Ethanol Blends Adding to State’s Air Pollution

By Published On: January 22, 2007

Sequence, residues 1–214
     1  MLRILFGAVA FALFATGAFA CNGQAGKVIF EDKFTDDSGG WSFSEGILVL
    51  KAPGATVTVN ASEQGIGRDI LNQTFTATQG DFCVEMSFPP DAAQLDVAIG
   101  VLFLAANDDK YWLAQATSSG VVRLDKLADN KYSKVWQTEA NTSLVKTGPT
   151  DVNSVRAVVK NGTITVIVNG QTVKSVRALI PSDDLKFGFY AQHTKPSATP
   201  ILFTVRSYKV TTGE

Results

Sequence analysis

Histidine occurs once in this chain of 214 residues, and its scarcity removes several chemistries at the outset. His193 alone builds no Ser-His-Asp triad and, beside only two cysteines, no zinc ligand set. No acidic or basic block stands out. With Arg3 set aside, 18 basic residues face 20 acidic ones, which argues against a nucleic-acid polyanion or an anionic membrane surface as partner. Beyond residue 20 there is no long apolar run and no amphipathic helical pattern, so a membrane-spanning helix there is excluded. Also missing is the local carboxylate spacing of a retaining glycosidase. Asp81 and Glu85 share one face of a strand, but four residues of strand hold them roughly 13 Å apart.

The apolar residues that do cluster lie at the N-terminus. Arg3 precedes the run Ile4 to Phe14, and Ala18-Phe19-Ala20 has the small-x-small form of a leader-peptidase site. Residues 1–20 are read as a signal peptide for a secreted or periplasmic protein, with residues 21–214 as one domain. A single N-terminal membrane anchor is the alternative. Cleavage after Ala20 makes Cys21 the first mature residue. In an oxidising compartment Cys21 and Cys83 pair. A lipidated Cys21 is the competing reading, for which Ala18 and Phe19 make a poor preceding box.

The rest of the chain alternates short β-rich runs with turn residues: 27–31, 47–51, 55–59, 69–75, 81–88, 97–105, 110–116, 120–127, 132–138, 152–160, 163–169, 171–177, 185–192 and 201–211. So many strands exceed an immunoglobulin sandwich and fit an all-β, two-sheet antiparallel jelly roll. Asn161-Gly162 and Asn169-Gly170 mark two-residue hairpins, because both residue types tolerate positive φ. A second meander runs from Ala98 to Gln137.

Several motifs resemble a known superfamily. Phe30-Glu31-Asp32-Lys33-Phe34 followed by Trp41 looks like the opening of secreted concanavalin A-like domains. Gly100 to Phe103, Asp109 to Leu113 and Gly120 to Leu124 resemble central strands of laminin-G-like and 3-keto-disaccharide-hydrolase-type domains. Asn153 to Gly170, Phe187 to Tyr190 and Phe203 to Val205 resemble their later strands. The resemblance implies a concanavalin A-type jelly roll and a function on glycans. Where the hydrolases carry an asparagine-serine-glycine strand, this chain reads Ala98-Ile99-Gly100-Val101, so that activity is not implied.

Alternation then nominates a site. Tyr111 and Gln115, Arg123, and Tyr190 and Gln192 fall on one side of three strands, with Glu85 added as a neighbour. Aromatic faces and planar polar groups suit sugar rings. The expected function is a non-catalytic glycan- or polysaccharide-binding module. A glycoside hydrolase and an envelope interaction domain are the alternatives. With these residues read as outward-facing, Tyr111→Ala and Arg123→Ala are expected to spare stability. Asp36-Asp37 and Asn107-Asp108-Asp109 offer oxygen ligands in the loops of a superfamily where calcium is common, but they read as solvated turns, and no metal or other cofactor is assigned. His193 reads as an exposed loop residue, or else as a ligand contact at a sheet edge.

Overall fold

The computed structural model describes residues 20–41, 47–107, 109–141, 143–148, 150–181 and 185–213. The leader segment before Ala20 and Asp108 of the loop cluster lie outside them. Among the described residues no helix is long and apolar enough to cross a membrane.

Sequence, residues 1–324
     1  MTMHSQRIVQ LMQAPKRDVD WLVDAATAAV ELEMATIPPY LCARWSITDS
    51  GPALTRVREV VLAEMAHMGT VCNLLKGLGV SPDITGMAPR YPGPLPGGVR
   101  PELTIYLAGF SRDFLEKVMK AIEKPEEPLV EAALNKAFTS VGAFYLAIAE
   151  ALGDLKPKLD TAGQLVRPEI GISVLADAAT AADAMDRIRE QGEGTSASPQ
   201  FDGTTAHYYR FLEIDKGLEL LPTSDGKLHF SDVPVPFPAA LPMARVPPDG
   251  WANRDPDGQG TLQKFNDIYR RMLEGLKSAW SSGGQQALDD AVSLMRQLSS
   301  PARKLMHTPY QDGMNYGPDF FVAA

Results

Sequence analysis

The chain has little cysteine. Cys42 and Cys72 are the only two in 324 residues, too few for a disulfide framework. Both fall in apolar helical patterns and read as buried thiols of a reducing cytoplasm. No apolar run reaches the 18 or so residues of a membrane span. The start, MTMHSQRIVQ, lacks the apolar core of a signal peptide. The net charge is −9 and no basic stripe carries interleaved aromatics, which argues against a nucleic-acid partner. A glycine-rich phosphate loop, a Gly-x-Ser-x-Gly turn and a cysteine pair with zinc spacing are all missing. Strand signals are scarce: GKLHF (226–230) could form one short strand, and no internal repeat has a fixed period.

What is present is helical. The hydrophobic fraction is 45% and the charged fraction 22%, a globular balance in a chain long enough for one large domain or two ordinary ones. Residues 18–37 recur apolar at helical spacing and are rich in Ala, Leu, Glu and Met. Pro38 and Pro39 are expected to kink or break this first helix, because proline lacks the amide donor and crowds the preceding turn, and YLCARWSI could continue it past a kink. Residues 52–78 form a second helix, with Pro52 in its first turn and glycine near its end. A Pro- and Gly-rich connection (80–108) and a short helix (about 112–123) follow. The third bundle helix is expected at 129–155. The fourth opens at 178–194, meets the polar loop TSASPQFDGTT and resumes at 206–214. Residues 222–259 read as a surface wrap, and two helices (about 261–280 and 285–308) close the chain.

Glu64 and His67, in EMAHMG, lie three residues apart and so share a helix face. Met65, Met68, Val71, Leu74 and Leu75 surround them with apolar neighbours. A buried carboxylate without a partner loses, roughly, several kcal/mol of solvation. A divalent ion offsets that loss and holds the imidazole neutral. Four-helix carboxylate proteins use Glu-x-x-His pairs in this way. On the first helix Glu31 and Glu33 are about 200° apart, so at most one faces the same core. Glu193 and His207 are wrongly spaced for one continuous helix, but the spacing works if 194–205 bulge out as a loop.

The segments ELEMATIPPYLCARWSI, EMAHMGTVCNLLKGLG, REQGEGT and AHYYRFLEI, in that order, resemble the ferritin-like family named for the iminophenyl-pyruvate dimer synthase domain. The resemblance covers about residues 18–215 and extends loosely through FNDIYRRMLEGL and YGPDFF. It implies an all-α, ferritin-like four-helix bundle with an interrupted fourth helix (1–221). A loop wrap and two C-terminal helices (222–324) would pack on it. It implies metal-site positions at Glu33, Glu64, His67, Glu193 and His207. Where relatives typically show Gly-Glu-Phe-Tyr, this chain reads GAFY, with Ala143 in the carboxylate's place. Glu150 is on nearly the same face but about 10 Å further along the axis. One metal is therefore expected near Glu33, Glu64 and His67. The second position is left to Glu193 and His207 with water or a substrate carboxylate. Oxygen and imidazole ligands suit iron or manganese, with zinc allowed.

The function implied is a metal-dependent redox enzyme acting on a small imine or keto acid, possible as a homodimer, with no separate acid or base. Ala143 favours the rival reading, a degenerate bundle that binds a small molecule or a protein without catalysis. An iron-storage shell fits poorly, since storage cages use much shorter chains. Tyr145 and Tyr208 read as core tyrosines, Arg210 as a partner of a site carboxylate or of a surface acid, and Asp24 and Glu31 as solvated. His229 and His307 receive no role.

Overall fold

As California increases its production and consumption of ethanol as a transportation fuel, smog is worsening in the short run. However, state air-quality regulators say that the increase in unhealthful smog-forming emissions from ethanol will decline over time as new cars and gas station pumps replace older models. “SCAQMD does have concerns about increased emissions from low-level blends of E85 due to permeability,” said Sam Atwood, South Coast Air Quality Management District spokesperson. While increased use of alternative fuels in the name of energy security and reducing greenhouse gas emissions is becoming a state policy goal, the air district thinks that introduction of ethanol into the state’s gasoline as an additive has increased summer ozone levels since the additive methyl tertiary-butyl ether, commonly known as MTBE, was banned in 2004. The state nixed MTBE as an additive because it easily contaminated drinking water. Additives are used to help motor fuel burn more completely and thereby minimize carbon monoxide emissions. The recent summer ozone spike, the district believes, is due to increased hydrocarbon emissions that result when ethanol is mixed with gasoline. After years of declining summer ozone levels, the lung-burning pollutant started to increase in 2003. Studies show that ethanol at low levels increases a process called permeation, in which fuel gradually seeps into the air through rubber fittings and other seals in automotive fuel supply systems. “It’s probably a real concern in the short term,” said Jerry Martin, spokesperson for the California Air Resources Board. However, he said that new cars and gas pumps are designed to prevent increased permeation from occurring when ethanol is blended at low levels into gasoline. So as the automotive fleet “turns over,” emissions from permeation will decrease, Martin explained. Air board data show that it can take as long as 12 to 15 years for half of the state’s passenger car fleet to turn over, though old cars tend to be driven less. Meanwhile, use of ethanol will climb. Currently, California gasoline contains about 6 percent ethanol. That amount is expected to grow to up to 10 percent as new production plants open and as the state seeks to reduce greenhouse gas emissions from transportation fuel. CARB regulations allow blends of up to 10 percent ethanol. If the heightened emissions continue, it will make it more difficult for the region to meet federal health standards for ozone, a respiratory irritant, and fine particulate, which causes a variety of respiratory and heart ailments associated with premature death, according to a paper by Joe Cassmassi, SCAQMD planning and rules manager. Studies by the California Air Resources Board show that smog-forming hydrocarbon emissions may increase by 118 tons on hot summer days statewide because of increased permeation with ethanol in fuel. In the South Coast Air Basin, ethanol-driven permeation increases hydrocarbon emissions by 42 tons per day during summer – more than 4 percent. Total hydrocarbon emissions in the region, which includes smoggy Los Angeles, are 975 tons/day. Emissions of toxic pollutants, including cancer-causing benzene, from vehicles also increase under some weather conditions, the study found. Increasing ethanol use is creating another air pollution problem too, one that has yet to be solved. That is, low-level blends of ethanol also create a “nitrogen oxide penalty,” explained Martin. Emissions studies of ethanol show that it increases nitrogen oxide emissions statewide by as much as 21 tons/day and in the Los Angeles area by 8 tons/day, or less than 1 percent. Total nitrogen oxide emissions in greater Los Angeles are 1,104 tons/day. ” We prefer E85,” said Martin, a fuel that contains 85 percent ethanol and 15 percent gasoline. E85 eliminates increases of emissions of both nitrogen oxides and hydrocarbons, he explained. California has about 260,000 flexible-fuel vehicles that can burn E85, but because of a lack of E85 pumps, they burn gasoline right now, Martin explained. Until more flex-fuel vehicles are sold, it will be difficult for fuel suppliers to justify opening E85 pumps because the cars are so widely dispersed, representing only about 1 percent of California’s 26 million cars. Automakers have pledged to make more of the cars by 2012 (Circuit, Jan. 12, 2007). Meanwhile, extra emissions from ethanol will work against the state’s efforts to reduce unhealthful levels of ozone and fine particulate pollution.

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